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J Anal Toxicol. 2013 Nov-Dec;37(9):670-5. doi: 10.1093/jat/bkt084. Epub 2013 Sep 30.

Postmortem redistribution of tramadol and O-desmethyltramadol.

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1Department of Sciences, Advanced Institute of Health Sciences-North, CESPU, Cooperativa de Ensino Superior, Politécnico e Universitário, CRL, Central de Gandra Street, 1317, Gandra 4585-116, Portugal.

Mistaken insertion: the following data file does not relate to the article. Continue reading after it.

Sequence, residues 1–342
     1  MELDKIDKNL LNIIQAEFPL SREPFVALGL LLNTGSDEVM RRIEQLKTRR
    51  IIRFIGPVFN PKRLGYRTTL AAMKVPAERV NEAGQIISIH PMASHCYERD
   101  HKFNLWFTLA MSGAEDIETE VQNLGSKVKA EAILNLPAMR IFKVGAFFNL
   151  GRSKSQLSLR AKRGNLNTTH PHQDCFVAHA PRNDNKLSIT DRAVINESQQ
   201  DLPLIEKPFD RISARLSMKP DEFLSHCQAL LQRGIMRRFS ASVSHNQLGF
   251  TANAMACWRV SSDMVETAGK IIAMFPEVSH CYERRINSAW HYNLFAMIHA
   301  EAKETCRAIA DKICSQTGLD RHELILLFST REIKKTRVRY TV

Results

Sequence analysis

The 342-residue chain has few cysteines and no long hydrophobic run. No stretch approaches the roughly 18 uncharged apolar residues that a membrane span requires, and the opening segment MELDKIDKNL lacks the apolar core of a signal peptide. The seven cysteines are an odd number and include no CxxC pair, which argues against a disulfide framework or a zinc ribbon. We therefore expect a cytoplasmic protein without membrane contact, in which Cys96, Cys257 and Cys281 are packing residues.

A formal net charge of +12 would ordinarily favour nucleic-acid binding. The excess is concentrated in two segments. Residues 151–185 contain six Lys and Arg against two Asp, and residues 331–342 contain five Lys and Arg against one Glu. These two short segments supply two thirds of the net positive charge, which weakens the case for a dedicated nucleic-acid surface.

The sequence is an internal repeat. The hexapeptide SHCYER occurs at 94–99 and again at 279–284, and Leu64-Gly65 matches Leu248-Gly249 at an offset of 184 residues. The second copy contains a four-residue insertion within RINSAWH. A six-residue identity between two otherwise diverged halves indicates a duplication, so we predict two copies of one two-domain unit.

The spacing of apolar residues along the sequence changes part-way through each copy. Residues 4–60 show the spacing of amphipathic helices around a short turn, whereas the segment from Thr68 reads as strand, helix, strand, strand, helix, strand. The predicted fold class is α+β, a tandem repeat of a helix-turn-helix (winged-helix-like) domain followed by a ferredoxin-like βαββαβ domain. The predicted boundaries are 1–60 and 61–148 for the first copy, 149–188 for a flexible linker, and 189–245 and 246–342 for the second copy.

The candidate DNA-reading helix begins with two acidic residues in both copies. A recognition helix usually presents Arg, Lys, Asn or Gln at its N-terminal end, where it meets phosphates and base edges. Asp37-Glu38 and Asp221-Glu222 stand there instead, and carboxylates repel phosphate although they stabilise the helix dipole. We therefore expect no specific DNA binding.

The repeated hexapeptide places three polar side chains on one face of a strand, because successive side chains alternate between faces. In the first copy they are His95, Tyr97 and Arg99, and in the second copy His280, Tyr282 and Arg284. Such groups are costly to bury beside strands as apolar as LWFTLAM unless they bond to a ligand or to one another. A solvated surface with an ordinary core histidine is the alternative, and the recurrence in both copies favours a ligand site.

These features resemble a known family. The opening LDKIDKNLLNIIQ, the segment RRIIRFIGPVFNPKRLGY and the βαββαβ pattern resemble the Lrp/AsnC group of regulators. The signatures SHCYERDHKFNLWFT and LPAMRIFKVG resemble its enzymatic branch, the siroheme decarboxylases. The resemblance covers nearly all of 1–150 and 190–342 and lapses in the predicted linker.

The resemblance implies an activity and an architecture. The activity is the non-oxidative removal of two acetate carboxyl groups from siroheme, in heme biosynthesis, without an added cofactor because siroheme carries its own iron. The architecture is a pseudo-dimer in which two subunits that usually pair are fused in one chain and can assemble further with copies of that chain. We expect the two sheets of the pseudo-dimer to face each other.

Tramadol is a widely used analgesic opioid for moderate-to-severe pain due to its efficacy and safety. Although tramadol induces less adverse effects compared with other opioids, an increased number of documented cases of dependence, abuse, intentional overdose or intoxication have been described. In fatal intoxication, the interpretation of the probable cause of death often relies on the measurement of the tramadol concentration in blood. However, postmortem redistribution (PMR) may affect the results and therefore bias the autopsy report. In the present study, the postmortem cardiac and femoral blood samples from 15 cases of fatal tramadol intoxication were obtained to assess the PMR of tramadol and its main active metabolite, O-desmethyltramadol (M1). Toxicological analysis was performed by the gas chromatography-electron impact-mass spectrometry (GC-EI-MS) method, previously developed and validated for the quantification of both analytes. The cardiac-to-femoral blood ratios of 1.40 and 1.28 were obtained for tramadol and M1, respectively. Results were compared with those in the literature and it was possible to conclude that femoral blood should be considered for quantitative interpretations in fatal cases of tramadol intoxication.

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